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Fundraisers must stop treating the wealthy with suspicion

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Fundraisers must stop treating the wealthy with suspicion

Fundraising | Adrian Beney | 11 Mar 2011

Fundraisers from traditional charities need to re-think their approach to  major donor fundraising, and the wealthy in general, if they are to attract the kinds of major gifts that the arts and higher education enjoy, says Adrian Beney

In Fundraising’s March Agent Provocateur Mark Astarita, director of fundraising at the British Red Cross, wrote about his concern about the matched funding schemes which have been in operation in the higher education sector, and are now starting in the arts sector, arguing that it may be unfair that charities no longer face a level playing field.  

I would say, wouldn't it be great if there were some matched funding scheme for the non-higher education, non-arts sector, especially if it was aimed specifically at raising major gifts? But that’s to miss the point.  Mark argues that because of their wealthier prospect pools, these two sectors already have an inbuilt advantage.  I disagree.

I would argue that, well expressed, much of the charity sector has an inbuilt advantage. Why? Because its case for support is usually so much simpler. Mark suggests that education and the arts have an advantage over cancer, children and overseas aid charities.  But universities are doing cancer, children and overseas development work. Donors are funding work in micro-biology, in centres to look at better organisation of social work, and (in the case of someone I met today) in research on predicting where the world’s next flash points might be, and how to change social, political and economic circumstances there in order to resolve conflict before it happens.  These are all closely related to the work of, say, Cancer Research UK, Action for Children and the Red Cross.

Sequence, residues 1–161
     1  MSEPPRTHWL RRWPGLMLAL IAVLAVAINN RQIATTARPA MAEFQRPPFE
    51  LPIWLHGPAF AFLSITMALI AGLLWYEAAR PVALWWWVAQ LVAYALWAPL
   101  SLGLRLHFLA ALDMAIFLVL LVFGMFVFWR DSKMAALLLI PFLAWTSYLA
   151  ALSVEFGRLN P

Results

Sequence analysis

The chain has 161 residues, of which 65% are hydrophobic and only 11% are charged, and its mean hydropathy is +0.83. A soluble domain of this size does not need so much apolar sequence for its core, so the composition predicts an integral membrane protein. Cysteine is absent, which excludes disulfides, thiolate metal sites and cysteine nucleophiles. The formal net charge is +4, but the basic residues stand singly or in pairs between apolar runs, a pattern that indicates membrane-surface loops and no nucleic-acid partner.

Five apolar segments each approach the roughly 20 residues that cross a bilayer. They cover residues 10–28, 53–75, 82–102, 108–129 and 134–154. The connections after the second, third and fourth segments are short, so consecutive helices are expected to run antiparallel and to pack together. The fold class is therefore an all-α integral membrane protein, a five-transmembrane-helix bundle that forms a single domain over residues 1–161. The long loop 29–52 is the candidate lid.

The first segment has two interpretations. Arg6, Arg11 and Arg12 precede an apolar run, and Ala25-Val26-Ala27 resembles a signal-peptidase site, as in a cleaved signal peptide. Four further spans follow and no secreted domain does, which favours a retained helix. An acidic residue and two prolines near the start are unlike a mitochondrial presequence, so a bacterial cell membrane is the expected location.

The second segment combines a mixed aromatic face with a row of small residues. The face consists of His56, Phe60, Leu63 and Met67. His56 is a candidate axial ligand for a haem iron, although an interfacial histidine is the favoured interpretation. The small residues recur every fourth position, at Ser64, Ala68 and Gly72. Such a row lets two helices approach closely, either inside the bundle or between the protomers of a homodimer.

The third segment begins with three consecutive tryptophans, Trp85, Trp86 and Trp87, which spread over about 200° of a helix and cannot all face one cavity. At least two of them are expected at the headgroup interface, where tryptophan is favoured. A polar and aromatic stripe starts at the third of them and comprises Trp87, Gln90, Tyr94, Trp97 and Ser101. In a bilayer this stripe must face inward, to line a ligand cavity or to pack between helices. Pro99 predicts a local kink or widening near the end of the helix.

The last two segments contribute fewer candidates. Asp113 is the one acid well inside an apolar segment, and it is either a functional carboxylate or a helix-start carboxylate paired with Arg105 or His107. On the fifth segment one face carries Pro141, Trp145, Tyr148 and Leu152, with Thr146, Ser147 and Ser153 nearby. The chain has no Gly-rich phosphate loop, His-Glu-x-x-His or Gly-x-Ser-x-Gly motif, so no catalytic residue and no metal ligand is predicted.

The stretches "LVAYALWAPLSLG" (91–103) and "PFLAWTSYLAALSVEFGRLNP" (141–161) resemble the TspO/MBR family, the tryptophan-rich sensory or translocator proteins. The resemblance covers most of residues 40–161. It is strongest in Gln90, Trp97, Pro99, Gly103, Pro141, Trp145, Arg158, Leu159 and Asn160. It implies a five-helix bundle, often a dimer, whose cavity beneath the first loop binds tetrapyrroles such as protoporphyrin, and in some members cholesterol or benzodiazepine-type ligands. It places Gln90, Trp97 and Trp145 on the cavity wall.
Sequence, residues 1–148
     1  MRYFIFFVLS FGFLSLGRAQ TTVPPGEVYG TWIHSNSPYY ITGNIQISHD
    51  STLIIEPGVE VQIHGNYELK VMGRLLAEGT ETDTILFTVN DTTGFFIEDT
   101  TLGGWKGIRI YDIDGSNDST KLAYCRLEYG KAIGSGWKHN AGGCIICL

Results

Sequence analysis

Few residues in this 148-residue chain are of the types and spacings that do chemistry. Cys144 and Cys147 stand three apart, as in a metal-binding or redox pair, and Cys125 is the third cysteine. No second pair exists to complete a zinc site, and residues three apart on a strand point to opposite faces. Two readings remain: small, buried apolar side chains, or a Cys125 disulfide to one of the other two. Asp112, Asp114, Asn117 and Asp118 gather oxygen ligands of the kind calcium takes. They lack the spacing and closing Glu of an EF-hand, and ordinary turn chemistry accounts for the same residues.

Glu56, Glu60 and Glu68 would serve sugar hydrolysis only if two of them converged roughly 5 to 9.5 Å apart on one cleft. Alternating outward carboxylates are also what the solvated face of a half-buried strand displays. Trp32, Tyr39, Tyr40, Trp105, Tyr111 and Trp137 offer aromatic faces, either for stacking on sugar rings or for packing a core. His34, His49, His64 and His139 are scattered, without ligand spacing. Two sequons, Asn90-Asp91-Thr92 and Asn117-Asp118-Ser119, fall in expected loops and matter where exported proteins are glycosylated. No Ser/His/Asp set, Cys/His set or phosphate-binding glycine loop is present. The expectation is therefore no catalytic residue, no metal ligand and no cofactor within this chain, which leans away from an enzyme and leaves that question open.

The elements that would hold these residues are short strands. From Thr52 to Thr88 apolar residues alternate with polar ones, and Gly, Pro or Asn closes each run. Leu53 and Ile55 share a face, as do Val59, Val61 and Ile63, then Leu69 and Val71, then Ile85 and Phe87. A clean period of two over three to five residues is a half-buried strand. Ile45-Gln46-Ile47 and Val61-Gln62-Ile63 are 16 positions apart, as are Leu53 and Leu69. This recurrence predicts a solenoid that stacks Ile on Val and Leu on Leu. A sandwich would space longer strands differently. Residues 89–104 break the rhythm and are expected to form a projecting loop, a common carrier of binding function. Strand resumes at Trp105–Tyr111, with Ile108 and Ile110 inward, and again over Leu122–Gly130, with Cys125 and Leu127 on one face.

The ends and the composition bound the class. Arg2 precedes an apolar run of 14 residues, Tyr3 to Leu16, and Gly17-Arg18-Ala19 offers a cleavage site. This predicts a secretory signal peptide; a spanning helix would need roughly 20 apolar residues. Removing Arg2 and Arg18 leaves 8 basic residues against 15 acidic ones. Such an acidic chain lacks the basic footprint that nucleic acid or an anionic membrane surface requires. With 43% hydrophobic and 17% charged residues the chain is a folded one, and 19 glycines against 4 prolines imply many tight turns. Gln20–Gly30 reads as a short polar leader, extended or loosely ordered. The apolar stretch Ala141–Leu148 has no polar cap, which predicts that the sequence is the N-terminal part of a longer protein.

At the recent Institute of Fundraising conference on major gifts, I was surprised to hear how reluctant are some chief execs and trustees to engage with donors and to allow them to speak into the life of the charity. (And I know I am writing this against the background of the furore over LSE and Libya.)  

But until the sector stops viewing wealthy people with suspicion, and starts instead to embrace their wisdom and interest as well as their money, the gap in major gifts between the HE and arts sector and the rest of the not-for-profit world will remain.  On the other hand, if the “conventional” charity sector gets really serious about this work – and the 180 delegates at the IoF Conference suggests that it might be – then the HE and Arts sectors will have some real competition on their hands.  Bring it on!

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Adrian Beney

Adrian Beney is a director of More Partnership and has been in fundraising for nearly 25 years. He is a trustee of three charities - two grantmakers and one grant seeker.

Follow Adrian on Twitter @adrianbeney 

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